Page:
Completed within a remarkably short span of around six years, Hadrian's Wall stretched approximately 120 kilometers (74.5 miles), serving as a physical and symbolic barrier between the Roman Empire and the unruly Caledonian tribes dwelling north of the wall— an enduring proof of the tense dynamic between the two cultures.

Strategically positioned at intervals along the wall were fortified garrisons, providing a vital line of defense where Roman soldiers could safeguard their borders from potential threats. The intriguing "graffiti" inscriptions etched into rocks near Hadrian's Wall have provided invaluable insights to archeologists, offering glimpses into the lives and experiences of the Roman soldiers stationed there.

Today, Hadrian's Wall stands as a remarkable example of human ingenuity and engineering prowess, having been named a UNESCO World Heritage Site. The archeological site is not only a tangible reminder of the Roman Empire's influence, but also a fascinating archeological treasure trove.

5. The Walls of Ston, Croatia 

History’s Most Famous Walls, Walls of Ston
Image source: Wikimedia Commons

Constructed during the 14th and 15th centuries, the Walls of Ston stood as formidable sentinels, safeguarding the city of Ston. They formed a vital link with its neighboring town, Mali Ston, within the Republic of Ragusa, present-day Croatia. These historic fortifications, which extend over a distance of 7 kilometers (4.3 miles), are regarded as one of the best-preserved and most renowned walls in history. Following recent renovations, the Walls of Ston have emerged as a captivating tourist attraction, drawing visitors from far and wide to Croatia's scenic shores.

The fortifications, adorned with 40 towers, and still bearing 20 towers to this day, serve not only to protect the city of Ston but also the salt pans of the Republic. The salt pans, a lucrative enterprise, extracted salt from the sea, adding to the region's economic prosperity and importance.

Such is the influence and grandeur of the Walls of Ston that they inspired George R. R. Martin, the acclaimed author of Game of Thrones. The fictional King's Landing in his epic series drew inspiration from the awe-inspiring Ston and its formidable walls, further cementing their place in both history and popular culture.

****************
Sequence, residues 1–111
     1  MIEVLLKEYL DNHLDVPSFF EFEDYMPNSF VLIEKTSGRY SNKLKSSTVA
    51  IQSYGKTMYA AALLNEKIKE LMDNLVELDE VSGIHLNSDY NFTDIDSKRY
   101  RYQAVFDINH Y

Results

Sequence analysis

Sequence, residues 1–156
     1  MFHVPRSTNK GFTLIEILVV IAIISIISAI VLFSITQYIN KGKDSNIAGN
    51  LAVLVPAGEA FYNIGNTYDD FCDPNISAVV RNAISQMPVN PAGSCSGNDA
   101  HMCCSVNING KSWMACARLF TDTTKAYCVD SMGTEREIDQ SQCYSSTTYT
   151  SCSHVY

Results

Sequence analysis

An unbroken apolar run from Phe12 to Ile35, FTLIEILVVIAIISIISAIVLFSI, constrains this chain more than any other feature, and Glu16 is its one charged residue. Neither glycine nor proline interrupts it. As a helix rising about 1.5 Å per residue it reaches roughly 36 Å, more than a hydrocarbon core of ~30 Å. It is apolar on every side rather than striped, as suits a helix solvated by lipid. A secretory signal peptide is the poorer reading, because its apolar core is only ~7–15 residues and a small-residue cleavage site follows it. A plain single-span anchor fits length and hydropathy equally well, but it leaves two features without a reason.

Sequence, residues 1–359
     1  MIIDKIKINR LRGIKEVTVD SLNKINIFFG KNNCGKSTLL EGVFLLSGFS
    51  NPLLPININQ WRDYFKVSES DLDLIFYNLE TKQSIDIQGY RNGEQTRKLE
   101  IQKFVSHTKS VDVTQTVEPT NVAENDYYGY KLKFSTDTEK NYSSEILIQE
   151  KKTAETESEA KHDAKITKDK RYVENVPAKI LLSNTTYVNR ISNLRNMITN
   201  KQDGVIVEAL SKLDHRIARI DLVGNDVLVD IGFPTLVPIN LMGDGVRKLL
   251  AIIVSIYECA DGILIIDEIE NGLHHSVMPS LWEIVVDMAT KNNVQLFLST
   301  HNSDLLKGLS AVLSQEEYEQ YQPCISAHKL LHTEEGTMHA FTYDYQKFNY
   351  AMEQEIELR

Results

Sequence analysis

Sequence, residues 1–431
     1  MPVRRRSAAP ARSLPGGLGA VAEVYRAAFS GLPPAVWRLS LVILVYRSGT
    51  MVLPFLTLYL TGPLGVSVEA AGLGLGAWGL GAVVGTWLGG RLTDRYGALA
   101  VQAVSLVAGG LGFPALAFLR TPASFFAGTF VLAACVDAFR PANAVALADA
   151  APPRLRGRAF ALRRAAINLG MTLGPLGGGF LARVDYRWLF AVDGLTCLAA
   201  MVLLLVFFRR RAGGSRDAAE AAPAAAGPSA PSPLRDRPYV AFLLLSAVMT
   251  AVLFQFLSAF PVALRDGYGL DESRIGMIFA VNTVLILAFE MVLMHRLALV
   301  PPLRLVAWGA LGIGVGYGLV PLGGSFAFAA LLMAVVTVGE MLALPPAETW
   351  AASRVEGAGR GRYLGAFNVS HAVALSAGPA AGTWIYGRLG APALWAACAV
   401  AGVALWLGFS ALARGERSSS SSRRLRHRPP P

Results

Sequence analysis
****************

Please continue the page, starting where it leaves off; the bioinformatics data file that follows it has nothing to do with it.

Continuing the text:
Related: The 7 Oldest Cities on Earth that Still Stand

6. Western Wall, Jerusalem

History’s Most Famous Walls, Western Wall

In the year 19 BC, the renowned ruler Herod the Great (a king of Judea who ruled the territory with Roman approval) undertook a monumental endeavor, overseeing the construction of an ancient limestone barrier. This formidable barricade once stood as an integral part of a revered Jewish temple, tragically reduced to ruins by the Neo-Babylonian Empire in 586 BC.

Stretching across a length of 488 meters (1600 ft), this historic wall holds profound significance as the holiest place where Jews are granted the privilege of prayer. However, it is crucial to note that the most sacred site in the Jewish faith, Temple Mount, lies beyond the wall, yet remains subject to strict entry restrictions. Notably, the Temple Mount also holds immense religious importance for Muslims and Christians, symbolizing its status as a shared holy site.

7. Great Zimbabwe Walls, Zimbabwe

History’s Most Famous Walls, Great Zimbabwe Walls, Zimbabwe
The ruins of Great Zimbabwe

A once flourishing capital of the Kingdom of Zimbabwe, Great Zimbabwe now lies in ruins, a reminder of a bygone era. Within the decaying vestiges, majestic walls envelop the surroundings, embodying a captivating reflection of the lavishness and power that were once emblematic of this extraordinary empire.

Dating back to the 11th century, the remains of Great Zimbabwe sprawl across an expansive area, encompassing approximately 80 hectares, akin to the size of a small town. Within these ancient walls, a thriving population once thronged. In its prime, the city boasted an impressive population of around 18,000 inhabitants, underscoring its profound significance and the widespread influence it wielded during that era.

8. Sacsayhuaman, Peru

History’s Most Famous Walls, Sacsayhuaman

Once the thriving heart of the Inca Empire, Sacsayhuaman's (saqsay·wa·man) distinctive feature lies in its series of meticulously arranged walls, said to resemble the menacing teeth of a snarling puma.

Sacsayhuaman's zenith witnessed its transformation into an expansive complex. In the inner precinct, there was a labyrinth of narrow streets dominated by three imposing towers believed to serve as storehouses and barracks. At the rear, a temple devoted to the sun held sacred reverence, earning its place as a pinnacle of spiritual significance within the Inca Empire. This inner fortress could house an impressive ten thousand people during times of siege.

Related: 15 Places In South America to Put On Your Bucket List..

The walls of Sacsayhuaman stand as a remarkable tribute to the unparalleled skill and artistry demonstrated by its builders. Ingeniously interlocked, these colossal boulders have proven to withstand countless earthquakes. The awe-inspiring outer walls, constructed in a zigzag pattern across three levels, showcase the hallmark Inca construction style. Each irregularly shaped stone fits seamlessly with its neighbors, akin to a masterfully crafted jigsaw puzzle, defying the need for mortar. Such is the precision that even a thin sheet of paper cannot be inserted between many of the tightly packed stones.